I will be in Springfield Housing Court tomorrow at 9 am. to support Open Pantry Community Services' effort to halt its shelter's eviction from the old York St. jail by the City of Springfield. If weather permits, we will walk from the Warming Place shelter at 8 am. If you're in the area and want to join us, please do.
I can't say I feel hopeful at tomorrow's outcome but the struggle is a worthy one and I'm proud that the Open Pantry is willing to go as far as it can on behalf of homeless people.
Our local public radio station, WFCR, covered the shelter issue in today's news, interviewing first Kevin Noonan, Open Pantry's executive director, and then Gerry McCafferty, director of the city's Homeless and Special Needs Housing department.
Gerry, responding to a criticism of beds at a different shelter by one of Warming Place's residents, said, " For us to be arguing about what that shelter is like seems to be missing the point. I think there's bigger issues we could be talking about, like affordable housing and not whether these beds are as nice as those beds."
Well, I am more than ready to talk about housing, and I think a lot of people in this city feel the same way.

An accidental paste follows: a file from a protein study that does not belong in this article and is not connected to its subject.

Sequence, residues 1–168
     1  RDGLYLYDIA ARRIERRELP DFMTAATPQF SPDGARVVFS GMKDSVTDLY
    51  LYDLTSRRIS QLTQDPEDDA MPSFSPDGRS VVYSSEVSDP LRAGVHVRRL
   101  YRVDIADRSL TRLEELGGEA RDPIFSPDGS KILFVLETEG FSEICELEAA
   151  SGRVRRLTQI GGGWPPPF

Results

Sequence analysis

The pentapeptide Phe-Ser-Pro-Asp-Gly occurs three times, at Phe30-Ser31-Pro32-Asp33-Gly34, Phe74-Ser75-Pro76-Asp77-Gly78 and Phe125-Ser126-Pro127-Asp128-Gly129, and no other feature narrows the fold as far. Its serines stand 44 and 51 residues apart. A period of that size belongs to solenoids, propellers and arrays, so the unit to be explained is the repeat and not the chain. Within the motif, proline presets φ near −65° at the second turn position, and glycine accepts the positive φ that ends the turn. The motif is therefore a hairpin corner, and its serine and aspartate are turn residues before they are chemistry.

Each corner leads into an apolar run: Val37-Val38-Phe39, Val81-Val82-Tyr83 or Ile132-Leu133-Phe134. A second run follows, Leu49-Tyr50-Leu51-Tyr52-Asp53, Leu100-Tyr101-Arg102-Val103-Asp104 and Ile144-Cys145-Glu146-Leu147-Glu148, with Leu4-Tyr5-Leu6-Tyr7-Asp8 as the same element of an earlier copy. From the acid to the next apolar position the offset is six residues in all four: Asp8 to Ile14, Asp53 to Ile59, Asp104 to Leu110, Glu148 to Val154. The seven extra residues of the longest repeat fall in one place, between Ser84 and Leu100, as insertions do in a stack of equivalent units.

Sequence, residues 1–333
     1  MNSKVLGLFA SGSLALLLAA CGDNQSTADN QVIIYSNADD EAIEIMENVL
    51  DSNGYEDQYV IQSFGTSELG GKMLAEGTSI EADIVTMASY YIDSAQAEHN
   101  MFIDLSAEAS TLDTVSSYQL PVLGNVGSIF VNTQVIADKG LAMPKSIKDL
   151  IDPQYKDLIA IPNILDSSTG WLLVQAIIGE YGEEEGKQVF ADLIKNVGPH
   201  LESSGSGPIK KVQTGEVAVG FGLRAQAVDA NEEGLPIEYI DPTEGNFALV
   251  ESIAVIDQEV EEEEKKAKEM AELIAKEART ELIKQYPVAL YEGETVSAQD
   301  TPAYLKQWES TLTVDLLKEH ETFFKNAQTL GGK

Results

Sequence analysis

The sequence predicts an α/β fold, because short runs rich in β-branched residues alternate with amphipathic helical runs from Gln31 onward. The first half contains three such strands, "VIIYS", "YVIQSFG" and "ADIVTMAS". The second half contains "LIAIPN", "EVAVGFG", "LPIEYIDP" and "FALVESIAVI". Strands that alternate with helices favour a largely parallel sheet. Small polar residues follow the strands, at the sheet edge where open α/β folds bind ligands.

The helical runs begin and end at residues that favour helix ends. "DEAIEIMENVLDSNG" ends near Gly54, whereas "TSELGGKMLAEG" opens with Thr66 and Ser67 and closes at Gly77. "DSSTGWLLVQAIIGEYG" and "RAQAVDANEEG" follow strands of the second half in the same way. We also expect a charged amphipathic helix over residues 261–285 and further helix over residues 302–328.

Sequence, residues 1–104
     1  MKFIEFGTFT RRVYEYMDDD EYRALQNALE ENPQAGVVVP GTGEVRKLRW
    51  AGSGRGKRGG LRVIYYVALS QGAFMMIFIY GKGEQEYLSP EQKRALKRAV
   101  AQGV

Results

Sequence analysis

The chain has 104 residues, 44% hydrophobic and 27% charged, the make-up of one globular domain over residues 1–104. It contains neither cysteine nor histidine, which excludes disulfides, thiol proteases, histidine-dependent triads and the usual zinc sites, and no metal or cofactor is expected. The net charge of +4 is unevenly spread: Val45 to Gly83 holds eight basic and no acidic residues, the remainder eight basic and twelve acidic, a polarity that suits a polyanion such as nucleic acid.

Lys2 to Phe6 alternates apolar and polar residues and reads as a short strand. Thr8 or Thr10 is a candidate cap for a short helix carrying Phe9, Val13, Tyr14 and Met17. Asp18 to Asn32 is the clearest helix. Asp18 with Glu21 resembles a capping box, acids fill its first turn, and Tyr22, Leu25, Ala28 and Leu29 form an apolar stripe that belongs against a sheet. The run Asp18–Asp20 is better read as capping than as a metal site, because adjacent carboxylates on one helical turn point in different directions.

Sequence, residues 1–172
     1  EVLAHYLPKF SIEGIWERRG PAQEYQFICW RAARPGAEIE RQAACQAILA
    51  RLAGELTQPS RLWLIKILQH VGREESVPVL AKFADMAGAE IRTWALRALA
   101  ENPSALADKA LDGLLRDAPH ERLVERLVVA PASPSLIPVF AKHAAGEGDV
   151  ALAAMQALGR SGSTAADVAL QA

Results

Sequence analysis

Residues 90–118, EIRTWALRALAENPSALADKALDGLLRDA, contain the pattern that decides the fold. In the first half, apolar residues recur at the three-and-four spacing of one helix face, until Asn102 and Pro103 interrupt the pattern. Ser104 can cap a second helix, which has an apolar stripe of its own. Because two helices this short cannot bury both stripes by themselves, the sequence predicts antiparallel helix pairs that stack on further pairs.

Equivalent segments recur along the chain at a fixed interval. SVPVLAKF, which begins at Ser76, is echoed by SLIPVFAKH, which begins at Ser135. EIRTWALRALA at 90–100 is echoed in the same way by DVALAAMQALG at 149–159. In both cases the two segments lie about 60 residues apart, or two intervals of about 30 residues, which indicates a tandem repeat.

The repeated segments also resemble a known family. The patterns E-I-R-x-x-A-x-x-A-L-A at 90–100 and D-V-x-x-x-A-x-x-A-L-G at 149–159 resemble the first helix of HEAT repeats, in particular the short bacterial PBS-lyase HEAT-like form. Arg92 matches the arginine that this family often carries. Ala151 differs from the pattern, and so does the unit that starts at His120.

Last September, the city's "Homes within Reach" plan included supplying 250 new housing units, BUT no construction of new housing.
Can Gerry or the city's new Director of Housing and Neighborhood Services tell me how many new units of affordable housing have been created in the last twenty years? I would venture the answer is close to zero.
And how many units of affordable housing have been lost in the same period?
This year is the 20th anniversary of the Stewart B.McKinney Homeless Assistance Act, which funds many of the city's initiatives.
"The McKinney Act has done some good for some people but it has not significantly reduced homelessness across the country. How could it? A $1.4 billion a year homelessness budget cannot compensate for a $52 billion a year reduction in affordable housing," says Paul Boden in "Homeless pitted against homeless" in Tuesday's San Francisco Chronicle.
For the first time in decades, federal funding for the construction, preservation and rehabilitation of affordable housing might be in the works. The National Affordable Housing Trust Fund Act of 2007, H.R. 2895, was recently endorsed by the New York Times. The National Low-Income Housing Coalition, a major force behind the bill, has a list of bill sponsors and they're looking for more. I notice that Congressman Richard Neal's name is not on it, nor the name of any other Massachusetts congressman. Has anyone in our city government asked Neal to sign on? I certainly intend to do so.
Tonight CNN reported that 20% of Mexico's population lives in poverty and yet millionaires abound! Well, in Springfield more than 25% of our residents live below the poverty line, and I'd venture that 40% of us struggle to meet all our expenses each month. With the percentage of their income that we 40% pay for rental housing, any catastrophe-- lost job, broken car, building fire, funeral expenses-- could put us over the edge into homelessness.